Wilson-Blanchard, the City of Hamilton and the citizens of Hamilton could enter a three-way partnership to finance the preservation of the King Street East facades that are threatened by demolition.
By Graham Crawford
Published July 08, 2013
As the founder and owner of Hamilton HIStory + HERitage, and the owner of the building in which H+H is located (built in 1883), I too agree that the planned demolition of 24 and 28 King Street East is a very short-sighted decision.
Fencing around 18-28 King Street East (Image Credit: Sean Burak)
David Blanchard is entitled to develop his business so that it provides a return on investment that he, and his partners, deem appropriate. Intelligent development, after all, is good for all citizens.
Having said that, Blanchard's profits do not stand alone in their importance. They stand along with the social, historical, and urban fabric of our city.
Even a city block is not an island. It is merely a piece of property in a larger, more complex, more fragile, and more vibrant whole.
May I suggest that we consider a different solution?
May I suggest that we try to put together a three-way partnership to save the two buildings?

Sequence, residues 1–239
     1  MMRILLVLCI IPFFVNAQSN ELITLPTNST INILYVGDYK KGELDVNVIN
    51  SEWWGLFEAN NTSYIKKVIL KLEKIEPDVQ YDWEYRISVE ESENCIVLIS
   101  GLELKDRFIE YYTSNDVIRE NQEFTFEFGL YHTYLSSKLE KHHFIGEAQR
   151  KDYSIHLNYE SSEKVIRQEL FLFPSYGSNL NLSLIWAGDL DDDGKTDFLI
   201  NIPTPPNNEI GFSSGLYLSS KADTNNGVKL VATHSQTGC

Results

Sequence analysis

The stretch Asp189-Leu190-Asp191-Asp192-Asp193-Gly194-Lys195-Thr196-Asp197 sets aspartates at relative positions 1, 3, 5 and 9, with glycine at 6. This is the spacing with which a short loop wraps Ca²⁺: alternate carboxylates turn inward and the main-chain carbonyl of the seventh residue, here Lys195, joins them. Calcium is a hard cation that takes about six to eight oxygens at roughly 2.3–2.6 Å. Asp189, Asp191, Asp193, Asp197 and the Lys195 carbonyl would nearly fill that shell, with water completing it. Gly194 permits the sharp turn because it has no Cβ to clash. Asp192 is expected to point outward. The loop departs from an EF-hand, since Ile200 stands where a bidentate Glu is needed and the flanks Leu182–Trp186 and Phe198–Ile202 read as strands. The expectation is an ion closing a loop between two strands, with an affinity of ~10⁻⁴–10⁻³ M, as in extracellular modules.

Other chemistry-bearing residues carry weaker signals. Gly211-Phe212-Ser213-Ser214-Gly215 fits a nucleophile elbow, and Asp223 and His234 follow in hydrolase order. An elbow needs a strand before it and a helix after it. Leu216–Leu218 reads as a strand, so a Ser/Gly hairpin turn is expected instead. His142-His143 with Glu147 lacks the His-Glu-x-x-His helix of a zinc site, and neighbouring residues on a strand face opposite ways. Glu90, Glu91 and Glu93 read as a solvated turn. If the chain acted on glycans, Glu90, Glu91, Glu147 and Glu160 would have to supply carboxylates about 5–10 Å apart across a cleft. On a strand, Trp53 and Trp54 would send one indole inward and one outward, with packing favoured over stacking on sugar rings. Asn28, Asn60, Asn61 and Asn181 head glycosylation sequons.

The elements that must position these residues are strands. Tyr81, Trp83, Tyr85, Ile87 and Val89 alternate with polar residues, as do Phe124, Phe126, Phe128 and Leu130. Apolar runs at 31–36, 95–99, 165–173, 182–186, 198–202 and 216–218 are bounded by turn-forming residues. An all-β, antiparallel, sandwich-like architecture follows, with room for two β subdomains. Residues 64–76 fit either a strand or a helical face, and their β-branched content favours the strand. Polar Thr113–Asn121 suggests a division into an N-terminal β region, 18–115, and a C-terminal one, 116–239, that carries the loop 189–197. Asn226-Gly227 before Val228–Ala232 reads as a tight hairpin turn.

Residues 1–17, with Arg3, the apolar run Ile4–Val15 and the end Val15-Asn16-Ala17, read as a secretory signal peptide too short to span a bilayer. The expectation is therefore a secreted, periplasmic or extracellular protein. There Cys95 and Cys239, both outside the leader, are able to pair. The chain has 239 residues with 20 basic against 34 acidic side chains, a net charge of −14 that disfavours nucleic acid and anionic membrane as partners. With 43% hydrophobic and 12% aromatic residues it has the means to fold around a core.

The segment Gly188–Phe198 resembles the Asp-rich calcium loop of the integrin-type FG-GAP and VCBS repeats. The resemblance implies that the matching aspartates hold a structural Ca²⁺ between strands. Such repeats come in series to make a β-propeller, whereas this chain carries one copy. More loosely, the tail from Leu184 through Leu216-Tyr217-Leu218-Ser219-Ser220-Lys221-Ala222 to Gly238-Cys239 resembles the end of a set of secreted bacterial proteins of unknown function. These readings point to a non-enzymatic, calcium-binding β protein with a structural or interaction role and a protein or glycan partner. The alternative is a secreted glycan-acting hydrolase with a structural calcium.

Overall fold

May I suggest that we get an independent, verifiable estimate for the cost of saving the facades of the two buildings in question. And that we divide that estimate into three.
One third would be paid by Mr. Blanchard's group. One third would be paid by the City of Hamilton through its downtown grant program. One third would be raised by the citizens of Hamilton who are correct in their desire to maintain our heritage.
I would be happy to begin by pledging the first $1,000.
If the citizens fail in raising their one-third of the money, then I suppose we may need to allow things to unfold as they may. But at least we would not demolish prematurely. Not only that, but all three partners can claim honestly that they did their best to protect what we hold so dear.
For this proposal to work, we would need a commitment from all three parties. While I acknowledge it's easier to identify Mr. Blanchard and the City than it is the citizens of Hamilton who are willing to put in their money, I think the latter can, and will, be evident if this compromise and the campaign that would emerge from the agreement are publicized.
I applaud the efforts of those who are so actively engaged in this discussion. In particular, I look to our Councillors, all of them, to continue their participation in resolving this critical issue.
I look to Mr. Blanchard to demonstrate some goodwill and hold off on the demolition for at least the rest of the summer.
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